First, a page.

1500 tons had been built as early as 1512.- Harrison gives the
names of twenty-four warships and three galleys at the begin-
ning of the seventeenth century. He further estimates that 135
vessels, including goods-ships, exceeded 100 tons a])iece, and
that 656 were betw^een 40 and 100 tons. They were naA-igated
as well as was j^ossible to the rude science of the period. But
although the couipass is said to have been in use as cai-lv as
about 1424, nothing like the log^ was known, and the clumsy
astrolabe and cross-staff were relied on for guiding the vovatre
and determining the latitudes and longitudes.^ It is more re-
markable that nuu'iners found their way to port at all than tliat
they often, perhaps always, blundered in so doincj ; and the ii.ore
that no account then had been taken of the dip of tlie hoi-izon,
refraction or jjarallax, and that the tables of the zodiacal ephem-
eris were recalculated only about once in thirty years.

Such ships would strike a modern eye as wide for their lenntli,
blunt-l)owed and excessively clumsy. l)ecanse built up at sttin
and stern, often with several stories, or decks, and especially by
having an almost mountainous poop. These lofty cabins were
called castles. That at the poop, highest above the great cal)in,

> Goadby, 48.

» Enc. iirit. Charnock. ///..f. .Vcinne Arrh. (ed. 1>01) ii : 5.S, 170, ITS. Cru-
den's Gravfsend (l^'.l), cited liy Mrs. (ireen, Town Life, i: S4, n.

' Purcli.13 dutos the use of tlie log in 10U7. Jliic. Brit. Mrs. Green, Tuun
Life, i: 107.

* Rev. E. F. Slafter, I). I)., .V. E. Hist, .j- Cenfal. Regisl,T, xrxvi: Ho. John
Davis. Stanun's Secnts. VoyayiS andWcrrka (od. 18MJ), x: 278.


was caUed tlie Kouiul 1 1., use. Usi.aUy there were a foremast a
maiuinast, and a small inizzeumast, at or near the tafVriil ami
carrying a spanker. There would he a topsail upon the main-
mast and possil.ly another upon the foremast, and one or more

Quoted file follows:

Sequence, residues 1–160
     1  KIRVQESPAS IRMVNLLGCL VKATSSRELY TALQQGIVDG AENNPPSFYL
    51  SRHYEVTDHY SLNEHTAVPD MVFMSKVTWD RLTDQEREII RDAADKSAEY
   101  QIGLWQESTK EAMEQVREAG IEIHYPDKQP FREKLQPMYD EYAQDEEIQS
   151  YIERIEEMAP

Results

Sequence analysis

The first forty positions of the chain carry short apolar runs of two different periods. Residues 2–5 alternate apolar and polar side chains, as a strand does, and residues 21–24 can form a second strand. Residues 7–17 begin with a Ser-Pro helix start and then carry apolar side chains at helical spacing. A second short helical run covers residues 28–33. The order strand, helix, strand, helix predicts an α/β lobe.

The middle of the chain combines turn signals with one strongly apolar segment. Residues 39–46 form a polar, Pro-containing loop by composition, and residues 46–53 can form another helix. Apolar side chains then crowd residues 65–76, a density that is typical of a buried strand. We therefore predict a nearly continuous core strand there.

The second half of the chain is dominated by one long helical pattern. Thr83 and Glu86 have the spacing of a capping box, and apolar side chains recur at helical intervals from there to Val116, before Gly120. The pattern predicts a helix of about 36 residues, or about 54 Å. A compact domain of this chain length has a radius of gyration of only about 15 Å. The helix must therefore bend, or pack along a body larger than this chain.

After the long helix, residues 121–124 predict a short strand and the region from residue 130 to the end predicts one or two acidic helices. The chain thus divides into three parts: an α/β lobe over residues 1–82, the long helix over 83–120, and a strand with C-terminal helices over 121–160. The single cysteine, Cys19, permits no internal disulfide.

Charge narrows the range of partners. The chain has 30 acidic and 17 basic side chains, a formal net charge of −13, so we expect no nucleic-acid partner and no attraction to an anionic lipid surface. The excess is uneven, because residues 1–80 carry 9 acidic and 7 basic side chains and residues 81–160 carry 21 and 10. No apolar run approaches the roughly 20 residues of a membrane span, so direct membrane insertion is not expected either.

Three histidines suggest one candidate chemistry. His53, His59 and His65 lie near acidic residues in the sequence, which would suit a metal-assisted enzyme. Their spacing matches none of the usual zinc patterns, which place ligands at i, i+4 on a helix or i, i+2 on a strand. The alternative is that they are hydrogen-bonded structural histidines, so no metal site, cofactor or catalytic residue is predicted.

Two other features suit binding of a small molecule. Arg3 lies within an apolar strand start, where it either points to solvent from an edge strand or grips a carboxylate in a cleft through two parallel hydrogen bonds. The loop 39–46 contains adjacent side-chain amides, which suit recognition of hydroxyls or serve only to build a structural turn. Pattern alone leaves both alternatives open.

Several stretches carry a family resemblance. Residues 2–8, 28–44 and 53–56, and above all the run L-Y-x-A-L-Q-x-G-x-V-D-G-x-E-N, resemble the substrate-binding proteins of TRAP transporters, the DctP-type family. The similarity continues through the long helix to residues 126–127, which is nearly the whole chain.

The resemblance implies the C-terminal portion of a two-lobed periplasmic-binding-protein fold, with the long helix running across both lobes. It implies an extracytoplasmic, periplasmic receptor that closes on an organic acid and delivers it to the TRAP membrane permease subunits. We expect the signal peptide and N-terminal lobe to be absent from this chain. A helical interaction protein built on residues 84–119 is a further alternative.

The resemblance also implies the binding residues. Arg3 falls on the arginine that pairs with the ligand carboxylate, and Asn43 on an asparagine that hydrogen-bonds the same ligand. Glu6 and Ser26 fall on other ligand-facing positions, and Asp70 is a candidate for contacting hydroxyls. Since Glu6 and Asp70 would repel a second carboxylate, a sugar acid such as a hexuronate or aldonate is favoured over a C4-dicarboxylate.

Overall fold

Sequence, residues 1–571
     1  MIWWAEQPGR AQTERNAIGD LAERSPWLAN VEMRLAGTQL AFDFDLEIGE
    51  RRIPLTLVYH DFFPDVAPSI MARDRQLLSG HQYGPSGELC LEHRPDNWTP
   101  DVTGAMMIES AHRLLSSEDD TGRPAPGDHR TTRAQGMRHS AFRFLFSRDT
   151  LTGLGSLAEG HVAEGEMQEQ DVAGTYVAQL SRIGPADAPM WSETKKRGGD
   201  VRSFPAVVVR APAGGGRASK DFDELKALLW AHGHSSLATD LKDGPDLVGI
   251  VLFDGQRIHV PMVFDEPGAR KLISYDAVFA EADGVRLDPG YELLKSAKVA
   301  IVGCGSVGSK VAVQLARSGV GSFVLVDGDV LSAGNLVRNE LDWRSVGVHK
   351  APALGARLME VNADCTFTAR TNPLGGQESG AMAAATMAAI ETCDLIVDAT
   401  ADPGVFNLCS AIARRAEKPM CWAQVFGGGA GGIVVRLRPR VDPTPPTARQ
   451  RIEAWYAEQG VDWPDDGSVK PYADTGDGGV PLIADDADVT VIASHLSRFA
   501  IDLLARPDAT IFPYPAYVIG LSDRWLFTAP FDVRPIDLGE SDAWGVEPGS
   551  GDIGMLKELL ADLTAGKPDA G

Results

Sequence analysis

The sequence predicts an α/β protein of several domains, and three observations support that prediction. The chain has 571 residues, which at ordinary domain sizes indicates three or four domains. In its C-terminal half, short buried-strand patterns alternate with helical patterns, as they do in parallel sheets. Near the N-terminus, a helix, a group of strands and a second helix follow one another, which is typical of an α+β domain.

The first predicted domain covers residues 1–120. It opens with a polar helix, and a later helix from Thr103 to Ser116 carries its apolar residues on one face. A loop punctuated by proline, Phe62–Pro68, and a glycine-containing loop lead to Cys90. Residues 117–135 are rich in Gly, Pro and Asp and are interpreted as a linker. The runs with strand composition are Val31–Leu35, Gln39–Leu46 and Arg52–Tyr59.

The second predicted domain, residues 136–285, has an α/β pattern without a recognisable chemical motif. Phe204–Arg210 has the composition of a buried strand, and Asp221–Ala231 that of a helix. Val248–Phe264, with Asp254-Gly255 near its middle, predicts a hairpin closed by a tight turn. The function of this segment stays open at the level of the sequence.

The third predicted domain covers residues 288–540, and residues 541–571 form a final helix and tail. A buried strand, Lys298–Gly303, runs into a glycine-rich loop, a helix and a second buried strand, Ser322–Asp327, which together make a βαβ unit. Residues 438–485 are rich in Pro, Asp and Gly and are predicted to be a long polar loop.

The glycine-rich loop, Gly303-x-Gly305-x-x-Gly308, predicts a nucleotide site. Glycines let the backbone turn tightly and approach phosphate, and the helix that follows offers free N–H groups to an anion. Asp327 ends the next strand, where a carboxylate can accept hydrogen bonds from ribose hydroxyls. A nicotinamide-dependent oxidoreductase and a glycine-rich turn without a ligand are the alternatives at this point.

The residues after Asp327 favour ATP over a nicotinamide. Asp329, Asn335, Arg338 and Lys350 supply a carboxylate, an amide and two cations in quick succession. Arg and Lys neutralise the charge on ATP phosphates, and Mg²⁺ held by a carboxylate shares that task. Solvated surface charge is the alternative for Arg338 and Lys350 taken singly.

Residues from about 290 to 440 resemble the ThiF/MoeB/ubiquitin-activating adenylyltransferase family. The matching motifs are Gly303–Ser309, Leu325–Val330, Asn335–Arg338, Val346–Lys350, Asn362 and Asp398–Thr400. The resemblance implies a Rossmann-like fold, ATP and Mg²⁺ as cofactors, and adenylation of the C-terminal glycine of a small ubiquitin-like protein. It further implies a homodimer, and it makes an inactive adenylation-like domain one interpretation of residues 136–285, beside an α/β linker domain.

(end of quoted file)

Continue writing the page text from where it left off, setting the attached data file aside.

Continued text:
jibs, or sprit-sails, between the latter and the l.owsjjrit. But
the chief depen<lenee was upon the fore and mainsails, which
were square and of good size.

At this time there was no standing army in England. 1 But
most men were liable to serve in the militia, and were drilled
systematically from one to six times a year. Armor had become
lighter than formerly. Infantry were mostly pikemen, billmen
or musketeers. But the practical value of their weapons was
much unpaired by rudeness of construction. Cavalry were
armored lancers, fighting with pike, sword and <lagge (pistol) ;
cuirassiers, wearing a cuirass over the leather jerkin ; or arque-
busiers, additionaUy equipped with the anpiebus. The lar-er
pieces of ordnance, the robinet, falconet, falcon, minion, sacTre,
demi-culverin, culverin, demi-canon, canon, E canon and basi-
lisk, varied in weight from about 200 pounds up to 9000. in
bore from an inch and a quarter to eight inches and three quar-
ters, and in charge from a pound or two of powder and the same
weight of baU up to sLxty pounds of powder and also of ball.

^ Enc. Brit, ii : 509.



Up to the seventeenth century most of the common people had
been illiterate. A volume of the Lansdowne Manuscripts ^ con-
tains the original petition of the church-wardens and others of
St. Clement's in London, apparently (hitcd April 7, 1.J89, with
forty-eight signers, of whom seven made their marks ; and also
a memorial signed, on November 7, by thirty-six of the parish
of St. Michael's in St. Albans, touching Mr. Dyke, their rec-